In the wilds of an ancient forest
It was getting close to midnight and we were still jolting along narrow country roads. There was some comfort in the knowledge that our accommodation for the night was booked, but in rural Poland, up on the eastern border with Belarus, we couldn’t expect a five-star hotel with 24hour reception.
We hadn’t intended to be so late. Time had slipped away from us; despite the lack of a common language, we’d spent the day with a hospitable Polish family who fed us mushroom pierogies and quince schnapps.
We were then on our way to Bialowieza National Park, a virtually untouched remnant of the ancient forest that once covered northeast Europe.
It’s a place where wild predators and prey still roam freely and is so special that a guide is required to access the protected zone.
The park is home to huge old trees and to European bison, lynx, beavers, wild boar, elk, innumerable birds — and wolf packs.
Hidden in the wildflowers and moss on the forest floor are the lonely graves of partisans killed during the dark days of World War II.
One day we were up at 4am walking to the forest edge in the hope of seeing bison, the shaggy icon of the park, come down to the cleared land to feed.
Golden birds that our guide identified as yellowhammers hopped in the low bushes and a pair of corn crakes called to each other from the tangled grass on either side of the path. A roe deer appeared briefly but disappeared back into the thick forest with a skittish flash of its white rump. Ripples spread on the surface of the little stream as beavers dived on their dams.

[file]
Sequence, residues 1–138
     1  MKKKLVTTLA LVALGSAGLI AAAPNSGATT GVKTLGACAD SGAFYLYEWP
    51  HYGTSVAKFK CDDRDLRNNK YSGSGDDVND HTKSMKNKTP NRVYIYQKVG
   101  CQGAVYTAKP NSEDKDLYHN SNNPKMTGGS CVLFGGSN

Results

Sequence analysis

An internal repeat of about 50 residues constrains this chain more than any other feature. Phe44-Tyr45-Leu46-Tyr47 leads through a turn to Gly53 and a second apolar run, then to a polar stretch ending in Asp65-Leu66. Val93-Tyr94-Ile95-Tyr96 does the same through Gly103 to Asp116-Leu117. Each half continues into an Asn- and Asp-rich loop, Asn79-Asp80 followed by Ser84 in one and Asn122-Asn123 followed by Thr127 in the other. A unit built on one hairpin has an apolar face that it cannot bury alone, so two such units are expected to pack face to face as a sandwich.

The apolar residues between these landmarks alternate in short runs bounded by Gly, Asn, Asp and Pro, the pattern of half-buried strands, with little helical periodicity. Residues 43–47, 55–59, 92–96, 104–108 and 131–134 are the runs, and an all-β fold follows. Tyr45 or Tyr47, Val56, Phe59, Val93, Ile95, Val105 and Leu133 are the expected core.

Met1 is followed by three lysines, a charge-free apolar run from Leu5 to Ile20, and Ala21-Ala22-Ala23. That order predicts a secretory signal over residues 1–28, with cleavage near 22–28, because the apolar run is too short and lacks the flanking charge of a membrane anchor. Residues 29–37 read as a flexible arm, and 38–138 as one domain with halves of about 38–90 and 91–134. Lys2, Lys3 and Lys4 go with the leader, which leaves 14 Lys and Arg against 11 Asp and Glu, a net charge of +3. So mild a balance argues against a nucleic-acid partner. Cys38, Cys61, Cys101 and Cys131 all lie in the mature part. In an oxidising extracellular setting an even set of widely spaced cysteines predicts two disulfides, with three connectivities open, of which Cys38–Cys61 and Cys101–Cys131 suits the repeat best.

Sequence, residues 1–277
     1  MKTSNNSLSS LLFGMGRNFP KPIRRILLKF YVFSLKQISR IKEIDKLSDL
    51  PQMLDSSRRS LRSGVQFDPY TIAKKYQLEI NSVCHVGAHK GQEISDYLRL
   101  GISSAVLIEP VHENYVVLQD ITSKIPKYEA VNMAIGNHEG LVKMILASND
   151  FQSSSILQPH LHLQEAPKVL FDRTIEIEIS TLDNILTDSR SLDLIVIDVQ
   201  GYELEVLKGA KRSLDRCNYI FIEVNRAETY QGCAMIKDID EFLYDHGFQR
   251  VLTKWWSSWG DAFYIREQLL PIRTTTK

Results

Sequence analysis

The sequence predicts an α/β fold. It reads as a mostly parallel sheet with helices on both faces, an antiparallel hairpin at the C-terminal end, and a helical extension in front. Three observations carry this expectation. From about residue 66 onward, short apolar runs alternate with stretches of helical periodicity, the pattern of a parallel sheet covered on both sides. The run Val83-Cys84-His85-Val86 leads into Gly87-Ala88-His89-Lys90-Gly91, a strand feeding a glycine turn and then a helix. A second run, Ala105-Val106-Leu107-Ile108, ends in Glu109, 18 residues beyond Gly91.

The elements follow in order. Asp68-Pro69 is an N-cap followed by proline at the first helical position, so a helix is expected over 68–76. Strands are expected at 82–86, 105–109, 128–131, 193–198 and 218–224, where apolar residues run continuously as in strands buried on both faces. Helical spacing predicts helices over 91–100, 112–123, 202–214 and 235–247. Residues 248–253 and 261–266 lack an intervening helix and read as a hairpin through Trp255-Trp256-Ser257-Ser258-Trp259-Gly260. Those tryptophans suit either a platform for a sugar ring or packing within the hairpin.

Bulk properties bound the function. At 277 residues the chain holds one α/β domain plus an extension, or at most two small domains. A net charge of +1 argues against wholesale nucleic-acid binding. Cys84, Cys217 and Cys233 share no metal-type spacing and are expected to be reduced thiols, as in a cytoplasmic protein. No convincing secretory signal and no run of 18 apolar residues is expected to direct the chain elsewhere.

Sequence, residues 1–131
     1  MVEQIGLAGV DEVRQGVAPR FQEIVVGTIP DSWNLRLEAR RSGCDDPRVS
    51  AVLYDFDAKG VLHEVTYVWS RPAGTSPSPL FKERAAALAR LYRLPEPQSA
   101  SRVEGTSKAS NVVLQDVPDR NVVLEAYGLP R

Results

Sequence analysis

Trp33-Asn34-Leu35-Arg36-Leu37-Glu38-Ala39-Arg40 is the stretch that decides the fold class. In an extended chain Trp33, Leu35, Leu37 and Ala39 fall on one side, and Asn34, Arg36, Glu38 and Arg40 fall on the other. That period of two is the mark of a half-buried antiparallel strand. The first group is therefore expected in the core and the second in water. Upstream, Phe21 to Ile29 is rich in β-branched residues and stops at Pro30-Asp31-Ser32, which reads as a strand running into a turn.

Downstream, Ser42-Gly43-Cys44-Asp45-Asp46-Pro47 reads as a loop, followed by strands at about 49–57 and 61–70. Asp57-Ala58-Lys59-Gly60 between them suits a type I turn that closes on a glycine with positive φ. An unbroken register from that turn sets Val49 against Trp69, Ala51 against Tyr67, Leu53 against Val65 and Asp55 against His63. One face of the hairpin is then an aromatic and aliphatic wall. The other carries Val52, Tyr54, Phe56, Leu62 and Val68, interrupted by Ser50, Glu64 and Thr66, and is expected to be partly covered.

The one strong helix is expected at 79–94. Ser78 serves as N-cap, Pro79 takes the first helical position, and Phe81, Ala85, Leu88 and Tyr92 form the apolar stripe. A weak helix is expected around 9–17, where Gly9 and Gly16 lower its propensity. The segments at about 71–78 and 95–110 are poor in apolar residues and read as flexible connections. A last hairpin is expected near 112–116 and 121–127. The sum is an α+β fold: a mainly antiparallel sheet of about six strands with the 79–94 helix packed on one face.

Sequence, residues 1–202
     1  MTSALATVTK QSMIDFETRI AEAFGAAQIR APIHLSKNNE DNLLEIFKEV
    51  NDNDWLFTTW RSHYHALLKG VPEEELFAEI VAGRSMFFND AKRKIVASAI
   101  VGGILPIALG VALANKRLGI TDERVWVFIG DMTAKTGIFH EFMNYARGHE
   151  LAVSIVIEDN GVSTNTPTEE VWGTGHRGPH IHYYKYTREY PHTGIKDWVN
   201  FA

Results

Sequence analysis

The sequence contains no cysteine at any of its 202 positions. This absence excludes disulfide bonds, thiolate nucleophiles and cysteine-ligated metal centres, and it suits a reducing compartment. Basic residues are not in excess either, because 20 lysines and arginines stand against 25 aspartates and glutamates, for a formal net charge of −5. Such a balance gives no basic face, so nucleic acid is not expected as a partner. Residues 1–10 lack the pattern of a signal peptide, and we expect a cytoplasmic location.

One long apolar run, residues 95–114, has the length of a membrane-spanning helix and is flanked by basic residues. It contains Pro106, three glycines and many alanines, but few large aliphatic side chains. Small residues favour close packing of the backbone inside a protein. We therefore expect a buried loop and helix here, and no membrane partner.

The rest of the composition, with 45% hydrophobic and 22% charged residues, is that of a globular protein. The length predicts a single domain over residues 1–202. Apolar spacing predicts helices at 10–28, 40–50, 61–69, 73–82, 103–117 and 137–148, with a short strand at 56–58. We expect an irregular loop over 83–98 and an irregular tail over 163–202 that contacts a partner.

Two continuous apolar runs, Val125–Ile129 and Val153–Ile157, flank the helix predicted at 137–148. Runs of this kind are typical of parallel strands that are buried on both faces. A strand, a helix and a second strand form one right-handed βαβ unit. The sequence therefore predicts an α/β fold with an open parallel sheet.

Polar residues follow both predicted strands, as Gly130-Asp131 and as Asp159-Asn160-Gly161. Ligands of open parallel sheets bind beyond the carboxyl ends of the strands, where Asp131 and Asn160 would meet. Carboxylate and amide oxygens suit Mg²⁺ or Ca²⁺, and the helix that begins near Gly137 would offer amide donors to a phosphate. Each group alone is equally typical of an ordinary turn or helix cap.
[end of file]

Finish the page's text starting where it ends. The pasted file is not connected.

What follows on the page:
The bison were elsewhere that morning we’d risen so early. However, waiting in the bone cold, amid the absence of any human noise, while the sun rose slowly and burnt through the mist, spangling the spiders’ webs, was an experience to be treasured.
And, yes, when we finally arrived at our accommodation, there was someone waiting up for us.
When my husband’s head cold developed into a hacking cough, our lovely hosts brought chicken soup and dosed him on healing honey from their own beehives deep within the forest. Send your 400-word contribution, with full postal address, to: [email protected]tralian.com.au. Columnists will receive a selection from Australian stationer Notemaker that includes a MiGoals passport wallet ($29.95), Delfonics canvas pencil case ($16.95) and a clothbound Moleskine Voyageur notebook ($44.95). More: notemaker.com.au.